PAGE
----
Stunt Driving

“We’re not gonna make it!” My white-knuckled fingers gripped the passenger door handle of the little budget car we had rented. The car with no shocks; the one that, at this instant, was in the most dire possible need of shocks. Somehow Brent steered over a couple of rocks with the left front tire rather than the axle, while the right tires found their way out of the latest rut without high-centering us. A brush-choked gorge of uncertain depth yawned below the edge of the road. I just knew we were about to do a barrel roll into it, which would have brought our beach vacation to a spectacular end.

Brent and I are not truly Beach People, per se; that is, we have no desire to spend hours building sand castles, or lie around toasting in the sun. Usually we vacation in mountain or desert areas where we can do some hiking. But several months earlier a friend had sent us some stunningly gorgeous photos from this little Caribbean island. It looked pretty doggone romantic, and our thirty-something anniversary was coming up. So we decided on a nice, quiet, relaxing island vacation for a change, booking a room at the Regent Palms Resort on the Turks and Caicos island of Providenciales.

And it was nice, quiet and relaxing–all through the first couple of days, that is. We kayaked and snorkeled (after we bought me a swimsuit, which I had somehow forgotten to pack), and ate seafood twice a day. I highly recommend the island and the resort, as well as the Coco Bistro restaurant in town. Yum.

Then the spirit of adventure kicked in. We had rented the car so we could get around without waiting for taxis and such. The Turks and Caicos Islands are British territory, so Brent had to get used to driving on the left. (You’re not supposed to notice that I didn’t say we had to get used to it. This was because I flat chickened out and refused to drive.) He did great; only a couple of near-misses on the first day. Anyway, as we gained confidence and studied our map of the island, we talked about visiting “Northwest Point Marine National Park” out on the west edge of Providenciales. It was several miles out, at the end of Malcolm’s Road, which the map showed was unpaved.

“Unpaved” can mean any number of things. I pictured a nice, hard-packed dirt road with perhaps a dusting of gravel. Instead we found ourselves bumping along a winding strip of terrain such as I had previously seen only on those “Professional Driver, Closed Course” truck commercials. It wasn’t bad where we turned off the highway, but the farther we went the more rugged it became. Deeper ruts, larger rocks. I started suggesting, ever so gently, that we might just forget about the park and get the heck back to town. A few vehicles met us coming the other way, toward town. These people, clearly prepared for the rough road, drove jacked-up SUVs or pickups tall enough to block the sun. We could almost have driven under the chassis of some of them.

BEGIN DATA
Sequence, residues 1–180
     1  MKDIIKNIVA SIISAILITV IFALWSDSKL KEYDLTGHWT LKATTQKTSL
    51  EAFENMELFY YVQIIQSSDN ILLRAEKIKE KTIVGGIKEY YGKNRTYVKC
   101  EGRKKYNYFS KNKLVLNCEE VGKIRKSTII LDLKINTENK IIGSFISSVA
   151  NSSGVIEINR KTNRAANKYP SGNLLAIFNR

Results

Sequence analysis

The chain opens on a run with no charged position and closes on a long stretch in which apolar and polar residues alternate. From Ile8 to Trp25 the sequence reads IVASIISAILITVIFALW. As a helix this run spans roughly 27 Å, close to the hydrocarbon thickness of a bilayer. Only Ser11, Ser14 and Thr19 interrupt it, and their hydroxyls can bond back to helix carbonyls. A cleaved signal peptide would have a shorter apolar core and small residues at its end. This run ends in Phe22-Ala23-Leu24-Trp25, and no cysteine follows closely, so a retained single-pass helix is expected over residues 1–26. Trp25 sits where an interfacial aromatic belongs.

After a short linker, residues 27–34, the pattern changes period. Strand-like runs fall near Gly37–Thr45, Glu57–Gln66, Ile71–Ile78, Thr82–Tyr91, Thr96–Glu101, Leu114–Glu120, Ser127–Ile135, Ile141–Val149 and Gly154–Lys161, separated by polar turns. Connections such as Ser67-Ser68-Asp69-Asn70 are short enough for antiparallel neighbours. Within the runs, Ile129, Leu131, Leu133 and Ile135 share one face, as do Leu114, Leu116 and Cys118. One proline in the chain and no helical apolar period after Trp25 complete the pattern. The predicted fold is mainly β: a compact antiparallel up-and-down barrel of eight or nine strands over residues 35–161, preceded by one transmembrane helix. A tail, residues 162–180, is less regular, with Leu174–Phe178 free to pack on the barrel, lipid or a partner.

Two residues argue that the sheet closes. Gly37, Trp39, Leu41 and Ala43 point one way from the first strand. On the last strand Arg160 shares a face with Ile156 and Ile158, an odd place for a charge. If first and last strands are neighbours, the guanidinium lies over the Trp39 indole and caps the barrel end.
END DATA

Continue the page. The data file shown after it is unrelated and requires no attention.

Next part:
Forget driving on the left; Brent was doing well to find any passable bits at all, and those were worth having to dodge the occasional oncoming SUV. We were averaging about eight miles per hour. As we skirted the hillside, leaving behind the last side road (and civilization,) I kept surreptitiously checking my phone for signal strength. Finally the road seemed to end at some sort of radio signal tower.

“Too bad, I guess we’ll have to go back,” I tried, but Brent had spotted a little road cut, off to our right, that plummeted straight downhill toward the ocean. I pretty much jumped out of the car to keep him from driving down there without reconnoitering first on foot. Unfortunately for me, after the first terrifying plunge, it seemed to smooth out somewhat, so we climbed back up to the longsuffering little car and started out again.

I checked my signal strength one more time, picturing a dramatic helicopter rescue, and shut my eyes. A few long minutes later, we were safely parked. I had to laugh at the sight of a dozen or so angle-parking spaces, as if that many people could be crazy enough to drive out there, and all at the same time.

Long story short, it was worth the struggle to get there. The flat, wave-washed rocks, with little mollusks anchored on where the water would just lap over them. The isolation and sunlight, both intense enough to be palpable. Best of all, the sense of adventure that drew us together, and buoyed us up to make the trip back seem easy. We had persevered.

Thanks for reading!
Jan

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